Motion To Modify Child Support Based On Income After Retirement

Baltimore Maryland divorce lawyerQuestion:

How will my pension and retirement benefits affect my child support order?

Is my government pension not allowed to be factored into child support? I have one child who will have reached the age of emancipation by the time I retire and another child who will turn 18 after I am retired.

Should I file a motion to modify child support based on my retirement income?

Answer:

I am unable to give you legal advice on divorce. I can give general divorce help for men, though, my knowledge is based on Maryland divorce and child support laws where I am licensed to practice.

In many jurisdictions, the parent with the child support obligation may request a modification of child support if there is a considerable change to payor’s income. A change in income can either be an increase or decrease in income.

Income typically is defined very broadly for child support purposes, and thus, generally pension payments will be considered as income and factored into the calculation for the modified child support amount.

In addition, in the event that a payor’s child reaches the age of majority, the payor may request a modification of child support if the original child support amount included support for multiple children.

The payor will only have an obligation to support his child until the child reaches the age of emancipation, unless otherwise agreed upon by the parties. Therefore, modification of child support may be sought immediately after a child reaches the age of majority.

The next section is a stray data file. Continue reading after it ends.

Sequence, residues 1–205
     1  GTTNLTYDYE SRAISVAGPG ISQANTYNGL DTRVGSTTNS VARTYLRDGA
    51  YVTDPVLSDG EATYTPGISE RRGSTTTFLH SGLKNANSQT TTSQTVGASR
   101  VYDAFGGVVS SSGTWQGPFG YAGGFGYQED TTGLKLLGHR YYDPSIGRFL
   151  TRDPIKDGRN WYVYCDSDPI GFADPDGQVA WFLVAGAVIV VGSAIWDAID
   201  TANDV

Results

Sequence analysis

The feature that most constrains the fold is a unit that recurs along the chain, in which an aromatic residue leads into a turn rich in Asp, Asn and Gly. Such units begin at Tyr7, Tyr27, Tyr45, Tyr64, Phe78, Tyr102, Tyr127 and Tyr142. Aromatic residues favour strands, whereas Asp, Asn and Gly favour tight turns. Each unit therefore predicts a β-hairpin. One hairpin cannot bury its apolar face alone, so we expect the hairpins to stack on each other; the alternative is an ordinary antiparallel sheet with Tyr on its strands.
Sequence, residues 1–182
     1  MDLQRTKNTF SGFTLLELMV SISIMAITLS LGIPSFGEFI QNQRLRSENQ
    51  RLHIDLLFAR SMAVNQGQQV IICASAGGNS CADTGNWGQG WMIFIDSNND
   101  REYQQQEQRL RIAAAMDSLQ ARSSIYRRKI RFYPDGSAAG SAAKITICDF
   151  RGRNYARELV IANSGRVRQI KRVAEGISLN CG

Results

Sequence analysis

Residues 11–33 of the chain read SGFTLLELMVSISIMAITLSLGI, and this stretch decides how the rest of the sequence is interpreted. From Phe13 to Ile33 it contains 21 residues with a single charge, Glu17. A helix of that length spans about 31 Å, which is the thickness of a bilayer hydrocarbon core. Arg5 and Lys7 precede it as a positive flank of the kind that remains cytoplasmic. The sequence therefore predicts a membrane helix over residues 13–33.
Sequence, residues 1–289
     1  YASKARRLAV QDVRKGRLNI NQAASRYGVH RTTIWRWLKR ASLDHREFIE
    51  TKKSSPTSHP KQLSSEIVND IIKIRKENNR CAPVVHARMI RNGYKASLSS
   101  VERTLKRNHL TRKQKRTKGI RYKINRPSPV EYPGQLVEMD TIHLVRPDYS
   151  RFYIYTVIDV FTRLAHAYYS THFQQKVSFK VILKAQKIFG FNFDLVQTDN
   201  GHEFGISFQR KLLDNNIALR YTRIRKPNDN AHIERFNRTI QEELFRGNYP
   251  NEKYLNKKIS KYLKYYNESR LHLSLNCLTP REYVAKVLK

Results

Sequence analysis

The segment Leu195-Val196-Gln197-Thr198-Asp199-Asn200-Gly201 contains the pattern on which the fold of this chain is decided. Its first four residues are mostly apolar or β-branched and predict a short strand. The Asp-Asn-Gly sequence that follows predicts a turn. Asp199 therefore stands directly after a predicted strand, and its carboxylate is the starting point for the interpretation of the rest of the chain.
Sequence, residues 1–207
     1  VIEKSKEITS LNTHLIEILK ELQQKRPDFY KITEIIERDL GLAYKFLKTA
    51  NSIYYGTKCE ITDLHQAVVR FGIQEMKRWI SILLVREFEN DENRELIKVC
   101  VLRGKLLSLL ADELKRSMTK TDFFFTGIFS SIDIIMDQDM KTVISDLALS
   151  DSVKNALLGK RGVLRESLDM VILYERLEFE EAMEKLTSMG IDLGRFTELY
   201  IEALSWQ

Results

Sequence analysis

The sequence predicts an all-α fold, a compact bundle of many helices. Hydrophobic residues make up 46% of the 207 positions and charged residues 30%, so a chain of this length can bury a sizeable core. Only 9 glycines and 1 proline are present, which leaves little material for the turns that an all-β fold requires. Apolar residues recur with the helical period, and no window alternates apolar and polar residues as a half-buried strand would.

Child Support Laws:

Age of Emancipation In Your State

Remember, I am unable to provide you with anything more than divorce tips for men, so please consult with a divorce lawyer in your jurisdiction.

Cordell & Cordell has men’s divorce lawyers located nationwide. To schedule an appointment with a divorce attorney, including Maryland Divorce Lawyer Jeff J. Kim, please contact Cordell & Cordell.

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One comment on “Motion To Modify Child Support Based On Income After Retirement

    I don’t know if you can help. My partner was divorced 11 years when We entered our civil union (Illinois) and it was not a good experience for him. He is an over the road trucker and came home to being served with divorce papers. At the time he was an owner operator but was forced to sell his rig as part of the settlement. His ex got the house because they have a minor child. His child support was calculated assuming his earnings as a owner operator. Since he was forced to sell his rig he had to become an owner operator to meet his child support obligations. He has never not tried to meet his obligations but the reduction in income made things very difficult to meet. Although he requested a reduction in his child support it was not granted. In the meantime he continued to try to meet his child support obligations to the extent that he injured himself on the job. Three surgeries later and through lawsuits (equipment failure led to his injuries) he has been able to reduce some of payments but as he reaches retirement age (he’s 60) I am concerned that what little SS income he receives will be taken away. I will be OK but if I die before he does I have no idea how he will survive. Does he have any options?

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